Initially, he was reluctant to go to the Winter League. He previously planned to work with hitting coach Kevin Long in Florida. All parties knew that would happen. The idea to fly south took further development and convincing. Eventually, Taylor agreed. Among the driving forces for the visit -- from the team’s perspective -- was Taylor’s truncated playing time in the second half of the 2018 season.

“Because of the lack of at-bats he had toward the end of the season, it’s always important to see live pitching,” President of Baseball Operations Mike Rizzo said in December. “We thought it was important to get him one-on-one work with Kevin and really break down his swing and kind of give Michael a fresh start going into spring training.”

Reworking Taylor’s swing began when his appearances on the field all but stopped. Juan Soto’s emergence paired with Adam Eaton’s healthy return to jettison Taylor to the bench. The timing was difficult. Taylor hit poorly in April and May when Eaton was out and an opportunity was available. His .626 OPS and 65 strikeouts in 210 plate appearances showed what happens when things are dismal for him at the plate. His .864 OPS -- despite 15 more strikeouts in just 68 plate appearances -- in June was yet another pop of what could be. Taylor stole 10 bases in 10 tries during the month, meaning he stole a base 39 percent of the time he reached safely.

Then his playing time shriveled: 48 plate appearances, 43 plate appearances, 16 plate appearances in the final three months. His OPS declined each month, too. Taylor quietly walked around the Nationals clubhouse as the season dissolved.

Long started working with him once he was off the field. They tried to shorten everything Taylor did at the plate. The priority is contact. If Rizzo is to be believed, and Taylor’s past performances have shown this to be true to an extent, Taylor is a modest dose of consistency from being a versatile weapon in the major leagues.

“I believe, seeing him as much as I have, you’re talking about a dynamic player,” Rizzo said. “With adjustments, he could be a special type of big-league player. Gold Glove-caliber defender. He’s got a plus-plus arm that’s accurate. He throws a lot of guys out. He’s a terrific base runner, he’s a great base stealer, he’s got big power. If he figures out the contact portion of it a little bit better, you’re talking about a guy who could have five tools. He’s had flashes of it in the past and he just needs to be more consistent in his approach at the plate.”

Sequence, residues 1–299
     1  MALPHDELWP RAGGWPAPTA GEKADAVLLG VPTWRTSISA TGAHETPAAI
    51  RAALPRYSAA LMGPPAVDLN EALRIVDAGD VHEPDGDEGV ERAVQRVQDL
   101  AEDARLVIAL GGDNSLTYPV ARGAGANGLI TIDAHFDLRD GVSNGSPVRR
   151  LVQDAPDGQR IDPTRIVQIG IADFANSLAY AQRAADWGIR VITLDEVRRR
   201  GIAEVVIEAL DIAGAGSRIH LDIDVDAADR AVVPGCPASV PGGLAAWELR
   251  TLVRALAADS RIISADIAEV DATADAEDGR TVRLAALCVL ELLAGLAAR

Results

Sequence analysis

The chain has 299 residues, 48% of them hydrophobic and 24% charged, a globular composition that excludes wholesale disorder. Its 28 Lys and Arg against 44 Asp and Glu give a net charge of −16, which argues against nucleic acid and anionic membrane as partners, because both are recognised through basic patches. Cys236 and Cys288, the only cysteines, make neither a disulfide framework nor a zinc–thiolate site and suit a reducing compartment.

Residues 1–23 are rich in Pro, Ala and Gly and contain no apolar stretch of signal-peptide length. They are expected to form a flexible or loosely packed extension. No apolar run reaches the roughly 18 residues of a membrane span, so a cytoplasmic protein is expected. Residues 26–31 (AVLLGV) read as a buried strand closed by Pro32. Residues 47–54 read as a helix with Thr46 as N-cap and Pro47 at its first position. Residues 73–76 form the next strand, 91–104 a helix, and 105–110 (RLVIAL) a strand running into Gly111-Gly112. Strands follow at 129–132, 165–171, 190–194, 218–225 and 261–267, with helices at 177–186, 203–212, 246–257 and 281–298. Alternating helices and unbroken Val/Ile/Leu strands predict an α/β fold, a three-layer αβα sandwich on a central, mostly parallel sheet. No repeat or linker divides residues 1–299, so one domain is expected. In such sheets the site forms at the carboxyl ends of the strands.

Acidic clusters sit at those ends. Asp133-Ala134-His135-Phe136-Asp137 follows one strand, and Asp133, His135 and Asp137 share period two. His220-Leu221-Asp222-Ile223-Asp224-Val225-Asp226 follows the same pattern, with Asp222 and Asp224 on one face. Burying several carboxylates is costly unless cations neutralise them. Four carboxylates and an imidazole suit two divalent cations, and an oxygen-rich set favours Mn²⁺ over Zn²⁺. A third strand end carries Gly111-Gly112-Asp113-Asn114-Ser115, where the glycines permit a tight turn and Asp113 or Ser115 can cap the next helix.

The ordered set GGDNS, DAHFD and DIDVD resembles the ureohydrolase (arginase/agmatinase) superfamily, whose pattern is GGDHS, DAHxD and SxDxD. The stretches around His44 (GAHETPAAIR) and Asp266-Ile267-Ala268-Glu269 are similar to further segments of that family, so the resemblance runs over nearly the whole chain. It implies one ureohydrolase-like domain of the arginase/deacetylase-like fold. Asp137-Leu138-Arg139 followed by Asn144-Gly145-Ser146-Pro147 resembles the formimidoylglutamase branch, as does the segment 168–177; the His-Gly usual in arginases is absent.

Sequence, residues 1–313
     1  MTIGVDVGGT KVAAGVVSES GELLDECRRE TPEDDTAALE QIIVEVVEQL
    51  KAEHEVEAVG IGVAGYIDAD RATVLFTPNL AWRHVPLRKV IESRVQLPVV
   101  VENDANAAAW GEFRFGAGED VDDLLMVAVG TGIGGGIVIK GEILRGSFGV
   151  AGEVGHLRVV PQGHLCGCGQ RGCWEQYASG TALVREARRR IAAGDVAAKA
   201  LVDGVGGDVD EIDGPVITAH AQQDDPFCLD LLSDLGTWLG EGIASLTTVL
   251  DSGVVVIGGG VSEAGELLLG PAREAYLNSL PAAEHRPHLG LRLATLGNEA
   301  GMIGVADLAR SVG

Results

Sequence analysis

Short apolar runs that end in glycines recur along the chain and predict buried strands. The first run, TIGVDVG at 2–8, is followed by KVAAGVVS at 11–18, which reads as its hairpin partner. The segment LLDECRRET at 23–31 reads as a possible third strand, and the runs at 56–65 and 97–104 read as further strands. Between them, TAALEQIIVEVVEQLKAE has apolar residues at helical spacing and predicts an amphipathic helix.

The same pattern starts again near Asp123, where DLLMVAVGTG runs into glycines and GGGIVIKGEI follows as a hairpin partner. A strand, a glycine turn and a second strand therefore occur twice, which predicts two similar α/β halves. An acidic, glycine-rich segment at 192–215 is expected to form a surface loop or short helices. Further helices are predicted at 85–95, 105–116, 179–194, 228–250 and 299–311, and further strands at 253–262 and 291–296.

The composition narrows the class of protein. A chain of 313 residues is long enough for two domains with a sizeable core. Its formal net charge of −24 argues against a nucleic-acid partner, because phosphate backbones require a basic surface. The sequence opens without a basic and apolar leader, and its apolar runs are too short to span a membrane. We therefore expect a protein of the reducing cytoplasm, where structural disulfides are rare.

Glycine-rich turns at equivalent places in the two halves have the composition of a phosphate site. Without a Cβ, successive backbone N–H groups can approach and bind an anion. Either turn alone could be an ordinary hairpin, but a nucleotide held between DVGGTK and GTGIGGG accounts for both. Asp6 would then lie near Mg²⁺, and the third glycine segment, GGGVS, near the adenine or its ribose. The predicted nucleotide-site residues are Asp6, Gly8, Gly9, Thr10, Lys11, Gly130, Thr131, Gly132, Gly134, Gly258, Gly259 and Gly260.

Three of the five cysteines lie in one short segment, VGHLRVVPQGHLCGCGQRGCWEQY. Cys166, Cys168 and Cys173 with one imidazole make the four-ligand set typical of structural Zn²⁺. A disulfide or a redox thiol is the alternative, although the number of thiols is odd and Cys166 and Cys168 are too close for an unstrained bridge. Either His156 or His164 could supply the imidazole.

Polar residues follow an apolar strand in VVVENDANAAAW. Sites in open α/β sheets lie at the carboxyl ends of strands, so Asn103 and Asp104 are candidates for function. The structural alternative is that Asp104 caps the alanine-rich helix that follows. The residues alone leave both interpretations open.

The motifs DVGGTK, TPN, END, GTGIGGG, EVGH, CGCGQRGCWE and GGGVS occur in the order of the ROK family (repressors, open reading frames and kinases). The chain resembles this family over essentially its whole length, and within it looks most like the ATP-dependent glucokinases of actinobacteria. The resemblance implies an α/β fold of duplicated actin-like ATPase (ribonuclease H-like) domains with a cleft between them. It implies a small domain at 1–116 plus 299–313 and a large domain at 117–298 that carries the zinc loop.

Where he fits now is unclear. Taylor, presumably, is the fourth outfielder to be deployed as a base stealing and defensive replacement late in games. Perhaps he splits time with Victor Robles in center field. If Bryce Harper returns, Taylor’s future becomes even more clouded.

What he does have is another chance and big backer in manager Davey Martinez. The Nationals made an around-the-calendar investment in Taylor in pursuit of unlocking what they believe still has a chance to exist.

What Taylor doesn’t have is much more time. He’s entering his age-28 season, fifth full year in the major leagues and closing in on the end of low-cost team control. A warm winter trip doesn’t change those facts.

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Philadelphia and DC are both likely to get a dose of Harper - the winter storm - this weekend

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Philadelphia and DC are both likely to get a dose of Harper - the winter storm - this weekend

At least one Harper is on its way to Philly. 

But despite the hopes of Phillies fans, it's not the baseball player - at least yet.

For the second time in less than two weeks, parts of the Midwest and the Northeast is set to get hit with a major winter storm - which thanks to someone with a great sense of humor or baseball knowledge or just pure coincidence - is named Winter Storm Harper.

While this storm is no way related to Bryce Harper' s free agency (officially, at least), it does have some impeccable timing. And, it is set to hit a few of the places he's reportedly considering - including Philadelphia and DC (though it may just miss Chicago according to forecasts).

On Twitter, fans - and even Harper himself - took note: